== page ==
code 4

Adding the code for steganography encryption and sending the data

On the other side of the socket, we can use a simple Personally Identifiable Information (PII) scanner such as PII Catcher, and a regex-based sensitive info and passwords scanner, for example, Detect-Secrets. (This is currently beyond the scope for this POC. However, it would not require more than an additional 10 minutes to set up on the server side.) 

We can also integrate a few add-ons:

  • “Select File” and “Convert File” buttons
  • A fake progress bar, to make it look realistic

Behind a fake loading bar, we can collect information about the machine and the network connection – and send this information via the same takeMeHome.

code 5

code 6

Fake loading function and the buttons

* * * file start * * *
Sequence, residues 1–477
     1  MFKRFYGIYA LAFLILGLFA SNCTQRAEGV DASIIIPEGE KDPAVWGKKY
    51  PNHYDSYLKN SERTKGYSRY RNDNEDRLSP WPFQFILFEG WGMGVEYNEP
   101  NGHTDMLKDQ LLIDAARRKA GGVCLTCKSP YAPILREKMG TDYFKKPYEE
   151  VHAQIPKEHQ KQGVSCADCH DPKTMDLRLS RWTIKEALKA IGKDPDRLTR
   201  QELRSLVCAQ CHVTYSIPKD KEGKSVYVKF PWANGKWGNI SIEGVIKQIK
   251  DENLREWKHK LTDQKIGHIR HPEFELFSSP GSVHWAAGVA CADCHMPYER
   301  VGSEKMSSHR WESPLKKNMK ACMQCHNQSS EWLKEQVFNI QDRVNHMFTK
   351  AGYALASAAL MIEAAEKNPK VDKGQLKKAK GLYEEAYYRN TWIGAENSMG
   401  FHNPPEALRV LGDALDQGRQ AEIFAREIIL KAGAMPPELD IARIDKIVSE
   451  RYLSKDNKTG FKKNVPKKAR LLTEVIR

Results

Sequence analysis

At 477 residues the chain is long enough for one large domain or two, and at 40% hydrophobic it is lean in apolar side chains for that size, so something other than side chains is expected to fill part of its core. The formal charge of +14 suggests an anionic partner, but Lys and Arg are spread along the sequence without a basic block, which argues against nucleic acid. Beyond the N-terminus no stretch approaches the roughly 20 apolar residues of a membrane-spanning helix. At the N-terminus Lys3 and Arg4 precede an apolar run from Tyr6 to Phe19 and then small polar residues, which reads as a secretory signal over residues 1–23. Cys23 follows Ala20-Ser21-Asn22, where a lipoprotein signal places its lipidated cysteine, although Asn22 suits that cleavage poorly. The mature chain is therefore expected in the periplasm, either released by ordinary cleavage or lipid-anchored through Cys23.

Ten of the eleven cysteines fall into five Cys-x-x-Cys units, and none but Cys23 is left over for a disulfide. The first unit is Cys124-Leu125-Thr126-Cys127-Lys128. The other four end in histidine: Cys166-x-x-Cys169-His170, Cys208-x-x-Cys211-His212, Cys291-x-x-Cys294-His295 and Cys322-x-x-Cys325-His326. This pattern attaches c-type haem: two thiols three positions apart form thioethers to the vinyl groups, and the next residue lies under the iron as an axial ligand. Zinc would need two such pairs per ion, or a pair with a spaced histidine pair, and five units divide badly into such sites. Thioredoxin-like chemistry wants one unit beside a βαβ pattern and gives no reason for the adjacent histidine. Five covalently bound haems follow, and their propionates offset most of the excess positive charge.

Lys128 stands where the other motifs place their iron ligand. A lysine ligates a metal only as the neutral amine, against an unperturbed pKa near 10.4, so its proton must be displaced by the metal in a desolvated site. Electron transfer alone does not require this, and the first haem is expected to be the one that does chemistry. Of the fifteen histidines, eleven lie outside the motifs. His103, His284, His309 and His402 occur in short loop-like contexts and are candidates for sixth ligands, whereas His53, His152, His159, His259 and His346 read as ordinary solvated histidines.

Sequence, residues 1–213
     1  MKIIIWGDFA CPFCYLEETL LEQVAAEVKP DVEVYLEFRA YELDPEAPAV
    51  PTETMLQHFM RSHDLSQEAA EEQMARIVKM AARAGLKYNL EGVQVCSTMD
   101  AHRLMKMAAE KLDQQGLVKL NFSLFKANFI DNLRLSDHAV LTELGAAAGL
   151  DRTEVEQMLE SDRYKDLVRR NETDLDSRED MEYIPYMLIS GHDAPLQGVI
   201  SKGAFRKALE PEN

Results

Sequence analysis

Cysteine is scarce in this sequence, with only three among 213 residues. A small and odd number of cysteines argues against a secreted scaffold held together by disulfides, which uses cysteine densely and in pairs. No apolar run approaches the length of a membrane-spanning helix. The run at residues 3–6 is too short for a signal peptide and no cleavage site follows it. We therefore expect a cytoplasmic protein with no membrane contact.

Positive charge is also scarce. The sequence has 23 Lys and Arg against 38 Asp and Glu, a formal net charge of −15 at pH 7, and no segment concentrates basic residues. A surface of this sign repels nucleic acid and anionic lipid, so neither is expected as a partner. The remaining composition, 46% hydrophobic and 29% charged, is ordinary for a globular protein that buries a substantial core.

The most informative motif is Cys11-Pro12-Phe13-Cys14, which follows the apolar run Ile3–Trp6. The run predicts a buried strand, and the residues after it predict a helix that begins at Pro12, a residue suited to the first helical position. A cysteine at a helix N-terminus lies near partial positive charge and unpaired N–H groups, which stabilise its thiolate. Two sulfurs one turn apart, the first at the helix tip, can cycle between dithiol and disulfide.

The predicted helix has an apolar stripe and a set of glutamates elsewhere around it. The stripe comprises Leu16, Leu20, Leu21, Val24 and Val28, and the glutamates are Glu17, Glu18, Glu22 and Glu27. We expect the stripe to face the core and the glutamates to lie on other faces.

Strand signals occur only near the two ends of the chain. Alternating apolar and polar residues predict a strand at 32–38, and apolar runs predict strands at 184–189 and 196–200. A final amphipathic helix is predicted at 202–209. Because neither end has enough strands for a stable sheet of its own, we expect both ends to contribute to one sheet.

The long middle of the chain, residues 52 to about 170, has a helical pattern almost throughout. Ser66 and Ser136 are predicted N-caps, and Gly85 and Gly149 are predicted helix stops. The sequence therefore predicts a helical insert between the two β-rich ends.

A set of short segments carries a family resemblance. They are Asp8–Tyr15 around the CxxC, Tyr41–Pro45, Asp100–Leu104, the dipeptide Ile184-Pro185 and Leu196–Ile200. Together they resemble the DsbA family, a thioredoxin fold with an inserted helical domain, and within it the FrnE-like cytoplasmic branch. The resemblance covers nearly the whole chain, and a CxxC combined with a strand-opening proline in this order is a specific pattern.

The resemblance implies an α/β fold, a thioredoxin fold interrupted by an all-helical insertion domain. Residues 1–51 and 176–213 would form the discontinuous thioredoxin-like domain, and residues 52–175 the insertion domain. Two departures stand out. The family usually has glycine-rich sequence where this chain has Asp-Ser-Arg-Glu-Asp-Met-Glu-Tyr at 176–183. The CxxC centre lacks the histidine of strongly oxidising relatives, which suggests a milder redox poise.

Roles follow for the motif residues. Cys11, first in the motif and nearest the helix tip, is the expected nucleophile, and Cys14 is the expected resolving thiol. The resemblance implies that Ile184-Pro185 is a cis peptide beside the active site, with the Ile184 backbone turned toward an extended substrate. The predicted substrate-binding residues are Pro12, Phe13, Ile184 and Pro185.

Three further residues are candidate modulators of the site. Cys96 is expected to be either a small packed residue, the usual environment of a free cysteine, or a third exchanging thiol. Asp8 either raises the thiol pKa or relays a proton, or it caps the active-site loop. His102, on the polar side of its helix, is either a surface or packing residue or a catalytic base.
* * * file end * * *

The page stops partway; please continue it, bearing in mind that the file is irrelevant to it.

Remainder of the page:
At this point, we are about 7 minutes into this POC exercise, and we have 43 lines of code. (And I am not a fan of Pythoners’ one-liners!)

GetInfo can now create a temp file with all the data. It forwards the file to takeMeHome, then deletes the temp file:

getinfofunction

GetInfo function

By testing the code, we can see how much information can easily be stolen:

code 8

Data collected by GetInfo function

We have a few minutes remaining before the 15-minute limit of this exercise. So, we can add a basic reverse-shell. This is initiated at the end of our main function: conPdf2Word().

Adding more code could create an evasive and persistent reverse shell, but as that is not the main idea of this POC – we will stop here.

RevShell

Adding a basic reverse-shell

Step 4: Preparing the Campaign